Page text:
In this article, we are going to see how we can easily build a machine learning model using python libraries. Here, we prepare data with pandas, fit and evaluate models with scikit-learn library.

The steps that I am going to discuss in this article are

2.Data preprocessing and Data analysis

3.Build Model using Linear Regression

4.Check and compare accuracy

Step 1: Load a Dataset

There’s enough data available in different platforms such as kaggle, UCI etc. and you can also use datasets from sklearn library. I choose Big Mart Sales dataset from kaggle. You can download it from this link. The dataset is in .csv format, I import it in my code by using pandas csv reader.

note: here I used jupyter notebook to write code and build model in python

Load CSV data using pandas

Item_Outlet_Sales is the target class

Step 2: Data Preprocessing and analysis

First we explore the data

In above image, it gives information about the dataset. We can see that data set has seven categorical, four continuous and one discrete variable.

In above image we see the statistical description of the dataset

Correlation strengths

Here we can see that Item_MRP has the highest correlation with target class. That means the target class (i.e. Item_Outlet_Sales) is highly dependent on Item_MRP. Increasing and decreasing of MRP value will effect Item Outlet Sales.  and others columns are not very useful for predicting target value.

Data preprocessing

a. first of all we check the availability of null value in the dataset

here we can see that Item_Weight and Outlet_size has null value. There is many different way to handle missing value depending on the dataset.

b. Now we are going to count unique value for each categorical column. for analyse the data and get insights from it.

c. Now We go through each column one by one

1. In Item_identifier column there is no problem, no error, we can proceed this column for training our model.
2. Item_Weight: Here we can see that it contains 1423 null values out of 8533 values and the correlation value with target class also low, So we can drop the column. i.e we didn’t use the attribute for training our model.
3. Item_Fat_content: While counting unique we find this
``train.Item_Fat_Content.value_counts()``

here we can see that Low Fat, LF and low fat are same category and Regular and reg are in same category. So we replace the low fat, LF and reg to their category.Therefor we now have only two category for item fat content.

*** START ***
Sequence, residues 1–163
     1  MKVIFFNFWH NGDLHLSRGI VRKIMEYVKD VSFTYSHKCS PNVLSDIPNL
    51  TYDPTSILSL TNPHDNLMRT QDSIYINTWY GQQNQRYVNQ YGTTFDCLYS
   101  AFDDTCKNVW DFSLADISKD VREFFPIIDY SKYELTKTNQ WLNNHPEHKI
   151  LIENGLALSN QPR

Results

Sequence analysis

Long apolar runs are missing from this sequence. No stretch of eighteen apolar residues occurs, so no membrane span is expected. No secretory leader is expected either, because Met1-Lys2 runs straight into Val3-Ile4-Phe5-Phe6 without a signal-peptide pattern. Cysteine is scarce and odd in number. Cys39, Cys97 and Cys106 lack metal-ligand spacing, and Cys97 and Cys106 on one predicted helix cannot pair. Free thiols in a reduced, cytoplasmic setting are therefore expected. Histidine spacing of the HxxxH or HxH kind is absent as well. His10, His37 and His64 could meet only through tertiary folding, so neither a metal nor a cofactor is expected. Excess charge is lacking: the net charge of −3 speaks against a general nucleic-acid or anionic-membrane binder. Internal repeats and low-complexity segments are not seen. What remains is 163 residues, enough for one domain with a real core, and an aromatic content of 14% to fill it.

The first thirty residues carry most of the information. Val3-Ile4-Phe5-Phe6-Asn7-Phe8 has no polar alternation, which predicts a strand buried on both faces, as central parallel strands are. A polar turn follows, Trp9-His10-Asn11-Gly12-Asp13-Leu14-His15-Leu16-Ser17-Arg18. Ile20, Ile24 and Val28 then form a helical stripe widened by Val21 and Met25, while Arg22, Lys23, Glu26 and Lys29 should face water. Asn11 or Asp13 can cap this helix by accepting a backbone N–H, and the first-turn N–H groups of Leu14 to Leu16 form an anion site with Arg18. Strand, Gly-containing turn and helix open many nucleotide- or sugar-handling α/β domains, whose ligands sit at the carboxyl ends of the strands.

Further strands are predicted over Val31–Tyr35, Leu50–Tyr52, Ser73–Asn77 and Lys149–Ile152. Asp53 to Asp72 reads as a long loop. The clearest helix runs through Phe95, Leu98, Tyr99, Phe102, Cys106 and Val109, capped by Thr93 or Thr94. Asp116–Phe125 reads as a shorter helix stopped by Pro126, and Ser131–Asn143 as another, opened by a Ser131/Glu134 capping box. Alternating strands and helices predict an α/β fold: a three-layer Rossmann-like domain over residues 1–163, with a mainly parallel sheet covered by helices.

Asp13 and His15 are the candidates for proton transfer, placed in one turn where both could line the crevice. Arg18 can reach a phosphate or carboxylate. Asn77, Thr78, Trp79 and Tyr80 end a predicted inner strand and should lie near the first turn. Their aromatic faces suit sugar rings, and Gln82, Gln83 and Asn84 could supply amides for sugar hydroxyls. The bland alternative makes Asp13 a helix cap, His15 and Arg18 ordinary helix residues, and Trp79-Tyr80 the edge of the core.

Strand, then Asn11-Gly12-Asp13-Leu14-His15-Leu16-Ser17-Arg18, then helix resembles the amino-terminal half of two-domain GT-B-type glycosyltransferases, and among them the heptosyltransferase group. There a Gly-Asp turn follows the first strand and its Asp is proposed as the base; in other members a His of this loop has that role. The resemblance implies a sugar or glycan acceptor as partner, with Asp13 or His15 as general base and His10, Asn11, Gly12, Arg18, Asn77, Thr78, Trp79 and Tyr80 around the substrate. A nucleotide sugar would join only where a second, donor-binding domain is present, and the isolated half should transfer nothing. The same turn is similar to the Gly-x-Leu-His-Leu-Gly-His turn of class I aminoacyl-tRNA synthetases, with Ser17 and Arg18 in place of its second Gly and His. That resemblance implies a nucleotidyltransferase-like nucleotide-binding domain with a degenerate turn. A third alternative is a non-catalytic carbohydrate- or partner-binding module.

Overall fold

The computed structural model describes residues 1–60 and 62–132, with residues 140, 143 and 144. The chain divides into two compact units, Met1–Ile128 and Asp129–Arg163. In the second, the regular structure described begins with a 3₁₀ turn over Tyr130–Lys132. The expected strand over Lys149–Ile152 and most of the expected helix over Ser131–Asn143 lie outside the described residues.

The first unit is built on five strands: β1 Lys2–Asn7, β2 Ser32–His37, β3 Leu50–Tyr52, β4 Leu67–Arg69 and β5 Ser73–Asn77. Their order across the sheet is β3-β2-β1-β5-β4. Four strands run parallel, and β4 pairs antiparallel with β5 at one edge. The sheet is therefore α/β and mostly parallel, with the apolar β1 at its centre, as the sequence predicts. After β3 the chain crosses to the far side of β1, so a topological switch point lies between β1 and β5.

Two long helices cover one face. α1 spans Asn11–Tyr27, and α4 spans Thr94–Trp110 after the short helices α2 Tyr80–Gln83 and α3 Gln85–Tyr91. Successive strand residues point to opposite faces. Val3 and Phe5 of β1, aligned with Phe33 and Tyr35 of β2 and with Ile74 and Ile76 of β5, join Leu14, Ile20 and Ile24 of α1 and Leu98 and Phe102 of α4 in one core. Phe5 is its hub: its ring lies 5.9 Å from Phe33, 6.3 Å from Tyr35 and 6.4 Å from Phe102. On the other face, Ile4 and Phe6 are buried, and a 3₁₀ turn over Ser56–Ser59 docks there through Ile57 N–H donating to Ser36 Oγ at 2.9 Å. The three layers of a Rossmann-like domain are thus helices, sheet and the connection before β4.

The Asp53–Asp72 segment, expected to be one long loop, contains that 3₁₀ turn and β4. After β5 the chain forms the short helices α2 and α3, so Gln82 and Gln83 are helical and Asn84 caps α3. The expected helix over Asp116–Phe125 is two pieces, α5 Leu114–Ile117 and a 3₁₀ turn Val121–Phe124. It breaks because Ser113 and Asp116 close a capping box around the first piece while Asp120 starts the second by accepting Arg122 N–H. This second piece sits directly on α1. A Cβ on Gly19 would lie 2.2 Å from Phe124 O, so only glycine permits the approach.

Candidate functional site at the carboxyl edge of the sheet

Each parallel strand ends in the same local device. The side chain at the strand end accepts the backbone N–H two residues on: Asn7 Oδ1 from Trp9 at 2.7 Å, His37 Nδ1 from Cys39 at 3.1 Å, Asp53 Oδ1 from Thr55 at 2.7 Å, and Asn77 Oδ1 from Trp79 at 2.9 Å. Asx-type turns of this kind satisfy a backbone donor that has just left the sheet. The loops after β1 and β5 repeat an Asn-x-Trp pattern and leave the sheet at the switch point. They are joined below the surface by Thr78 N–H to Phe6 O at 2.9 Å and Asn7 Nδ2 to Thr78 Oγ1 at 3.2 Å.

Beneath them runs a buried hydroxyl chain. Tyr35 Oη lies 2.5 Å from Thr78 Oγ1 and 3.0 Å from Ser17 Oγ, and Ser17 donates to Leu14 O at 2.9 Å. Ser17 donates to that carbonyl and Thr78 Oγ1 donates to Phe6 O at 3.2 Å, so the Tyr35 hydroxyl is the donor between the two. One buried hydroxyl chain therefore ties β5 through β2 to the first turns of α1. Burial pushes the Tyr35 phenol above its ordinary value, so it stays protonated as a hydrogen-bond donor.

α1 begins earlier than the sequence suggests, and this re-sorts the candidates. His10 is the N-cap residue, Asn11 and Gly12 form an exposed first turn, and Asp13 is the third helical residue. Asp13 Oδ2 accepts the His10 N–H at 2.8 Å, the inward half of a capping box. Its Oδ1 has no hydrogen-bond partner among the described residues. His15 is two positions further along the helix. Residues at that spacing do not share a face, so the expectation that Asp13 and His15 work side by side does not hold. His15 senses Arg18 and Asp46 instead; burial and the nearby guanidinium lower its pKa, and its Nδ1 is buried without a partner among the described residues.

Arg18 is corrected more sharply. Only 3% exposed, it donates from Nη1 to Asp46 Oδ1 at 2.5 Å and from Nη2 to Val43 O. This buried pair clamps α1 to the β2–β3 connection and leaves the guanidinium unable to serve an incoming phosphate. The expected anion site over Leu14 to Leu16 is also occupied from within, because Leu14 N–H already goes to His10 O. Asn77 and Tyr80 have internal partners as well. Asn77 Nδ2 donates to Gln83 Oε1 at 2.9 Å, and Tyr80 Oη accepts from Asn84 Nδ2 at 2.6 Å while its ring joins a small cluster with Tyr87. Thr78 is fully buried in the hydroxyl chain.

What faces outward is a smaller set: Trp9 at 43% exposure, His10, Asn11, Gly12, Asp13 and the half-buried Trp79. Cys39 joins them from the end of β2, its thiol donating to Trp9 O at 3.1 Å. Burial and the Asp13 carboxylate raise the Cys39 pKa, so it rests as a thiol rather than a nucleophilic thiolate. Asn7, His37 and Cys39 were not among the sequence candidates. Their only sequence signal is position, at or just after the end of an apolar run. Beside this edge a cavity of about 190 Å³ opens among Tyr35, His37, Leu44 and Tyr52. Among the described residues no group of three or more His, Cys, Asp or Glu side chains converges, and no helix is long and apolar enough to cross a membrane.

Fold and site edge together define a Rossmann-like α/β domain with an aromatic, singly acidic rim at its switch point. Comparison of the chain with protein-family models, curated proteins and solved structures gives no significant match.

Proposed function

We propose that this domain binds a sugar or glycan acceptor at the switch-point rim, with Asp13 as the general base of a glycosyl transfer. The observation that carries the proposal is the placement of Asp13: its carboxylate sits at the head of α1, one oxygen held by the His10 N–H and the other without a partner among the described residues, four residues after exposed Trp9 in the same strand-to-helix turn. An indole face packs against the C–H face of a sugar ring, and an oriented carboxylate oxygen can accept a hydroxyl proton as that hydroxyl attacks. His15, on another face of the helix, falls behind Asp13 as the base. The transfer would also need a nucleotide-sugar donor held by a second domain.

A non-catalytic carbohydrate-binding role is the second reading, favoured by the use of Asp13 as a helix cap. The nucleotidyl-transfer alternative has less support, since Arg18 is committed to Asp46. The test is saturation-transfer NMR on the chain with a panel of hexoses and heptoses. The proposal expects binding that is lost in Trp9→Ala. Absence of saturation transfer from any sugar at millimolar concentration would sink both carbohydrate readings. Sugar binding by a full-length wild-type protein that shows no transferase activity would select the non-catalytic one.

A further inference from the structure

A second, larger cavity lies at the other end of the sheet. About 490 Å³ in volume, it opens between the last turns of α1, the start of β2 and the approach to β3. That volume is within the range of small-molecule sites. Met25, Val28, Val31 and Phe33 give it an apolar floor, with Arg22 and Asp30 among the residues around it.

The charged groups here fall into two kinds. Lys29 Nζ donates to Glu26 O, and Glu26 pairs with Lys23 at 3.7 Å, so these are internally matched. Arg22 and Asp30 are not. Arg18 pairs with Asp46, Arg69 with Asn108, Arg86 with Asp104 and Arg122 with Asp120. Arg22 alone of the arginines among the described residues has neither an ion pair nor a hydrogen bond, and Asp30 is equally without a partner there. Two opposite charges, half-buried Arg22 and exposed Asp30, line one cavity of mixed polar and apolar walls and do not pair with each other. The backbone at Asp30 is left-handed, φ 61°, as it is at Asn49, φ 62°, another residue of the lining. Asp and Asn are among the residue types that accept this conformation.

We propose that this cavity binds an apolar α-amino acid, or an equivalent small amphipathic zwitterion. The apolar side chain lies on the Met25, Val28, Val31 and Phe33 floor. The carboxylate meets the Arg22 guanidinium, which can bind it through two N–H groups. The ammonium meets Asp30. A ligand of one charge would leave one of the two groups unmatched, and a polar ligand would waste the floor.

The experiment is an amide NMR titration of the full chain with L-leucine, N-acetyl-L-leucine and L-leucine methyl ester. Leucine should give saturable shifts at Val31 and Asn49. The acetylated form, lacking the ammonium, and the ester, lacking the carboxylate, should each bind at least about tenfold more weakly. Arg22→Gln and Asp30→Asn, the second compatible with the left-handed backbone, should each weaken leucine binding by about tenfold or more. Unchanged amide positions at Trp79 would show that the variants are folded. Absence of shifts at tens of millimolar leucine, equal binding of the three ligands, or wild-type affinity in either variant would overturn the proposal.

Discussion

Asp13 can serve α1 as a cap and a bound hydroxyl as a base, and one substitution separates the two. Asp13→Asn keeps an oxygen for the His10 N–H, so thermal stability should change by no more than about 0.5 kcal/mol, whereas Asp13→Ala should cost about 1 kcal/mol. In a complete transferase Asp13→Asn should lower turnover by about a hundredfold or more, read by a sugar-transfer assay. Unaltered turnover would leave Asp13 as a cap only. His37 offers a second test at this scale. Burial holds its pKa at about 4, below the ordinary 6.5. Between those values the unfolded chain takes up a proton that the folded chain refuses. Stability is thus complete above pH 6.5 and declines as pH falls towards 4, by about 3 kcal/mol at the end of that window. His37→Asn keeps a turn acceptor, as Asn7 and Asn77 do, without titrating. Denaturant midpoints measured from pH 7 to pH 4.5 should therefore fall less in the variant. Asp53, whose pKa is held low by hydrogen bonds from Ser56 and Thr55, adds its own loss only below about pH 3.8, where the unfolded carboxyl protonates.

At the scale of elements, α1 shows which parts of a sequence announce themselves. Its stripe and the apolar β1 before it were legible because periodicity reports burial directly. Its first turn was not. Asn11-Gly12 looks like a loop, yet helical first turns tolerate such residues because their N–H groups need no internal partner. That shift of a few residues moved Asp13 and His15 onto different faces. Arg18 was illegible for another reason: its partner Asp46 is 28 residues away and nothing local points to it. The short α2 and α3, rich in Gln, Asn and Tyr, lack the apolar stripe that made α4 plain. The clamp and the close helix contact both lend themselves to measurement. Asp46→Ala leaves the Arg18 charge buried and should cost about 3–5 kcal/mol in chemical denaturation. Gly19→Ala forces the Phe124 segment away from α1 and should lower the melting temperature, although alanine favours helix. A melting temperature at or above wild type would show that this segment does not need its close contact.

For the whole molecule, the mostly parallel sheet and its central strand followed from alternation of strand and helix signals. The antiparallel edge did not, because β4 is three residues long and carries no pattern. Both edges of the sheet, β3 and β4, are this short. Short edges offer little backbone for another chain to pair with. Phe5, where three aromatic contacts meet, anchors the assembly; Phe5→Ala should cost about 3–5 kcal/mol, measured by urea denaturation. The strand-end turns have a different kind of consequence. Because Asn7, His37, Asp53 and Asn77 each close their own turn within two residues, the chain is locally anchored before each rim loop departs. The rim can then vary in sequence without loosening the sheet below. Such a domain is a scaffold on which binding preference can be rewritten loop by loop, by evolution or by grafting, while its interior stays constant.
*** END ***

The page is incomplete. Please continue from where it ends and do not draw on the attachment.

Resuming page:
4. Item_Visibility:In the above histogram we can see that there is many null values are there i.e. item with zero visibility. And  correlation value is negative with target class. So we didn’t know that the zero value is the actual visibility ratio or error and since correlation strength is also very low so we can drop the column.

So The final attributes by which we train our model are

Handle categorical columns

Since it is a regression problem, we need to handle the categorical value. I used label encoding for convert categories to number. In below example we can see that the Outlet Types are converted to numerical values.

``data.loc[data['Outlet_Type']=='Supermarket Type1','Outlet_Type'] = 1data.loc[data['Outlet_Type']=='Supermarket Type2','Outlet_Type'] = 2data.loc[data['Outlet_Type']=='Supermarket Type3','Outlet_Type'] = 3data.loc[data['Outlet_Type']=='Grocery Store','Outlet_Type'] = 4``

We will do the same thing for other remaining categorical columns. i.e. for Outlet_Location_Type, Item_Type and Outlet_Identifier.

Step 3: Build Model

Train test split: first of all we split the train data in two part

``from sklearn.model_selection import train_test_splittrain1,test1 = train_test_split(data,test_size=0.20,random_state=2019)#train1.shape , test1.shapetrain_label=train1['Item_Outlet_Sales']test_label=test1['Item_Outlet_Sales']del train1['Item_Outlet_Sales']del test1['Item_Outlet_Sales']``

Now build our model using linear regression that are available in sklearn library. And fit the model using train data and predict the model using test data

``from sklearn.linear_model import LinearRegressionlr=LinearRegression()# fit the model using train datalr.fit(train1,train_label)#predict the model using test datapredict_lr=lr.predict(test1)``

Step 4: Check and compare accuracy

Now we check accuracy of our model using mean squared error

``from sklearn.metrics import mean_squared_errormse=mean_squared_error(test_label,predict_lr)lr_score=np.sqrt(mse)print(lr_score)``

Compare the actual and predicted data

``data = pd.DataFrame({'Actual': test_label, 'Predicted': predict_lr})data1 = data.head(25)data1.plot(kind='bar',figsize=(16,8))plt.show()``

here we can visually compare the actual and predicted value.

Though my model is not given up to the mark accuracy, but it is okay we are just learned how to build a model. By more focusing on data preprocessing we can get higher accuracy, this is the more important step for building a model with higher accuracy.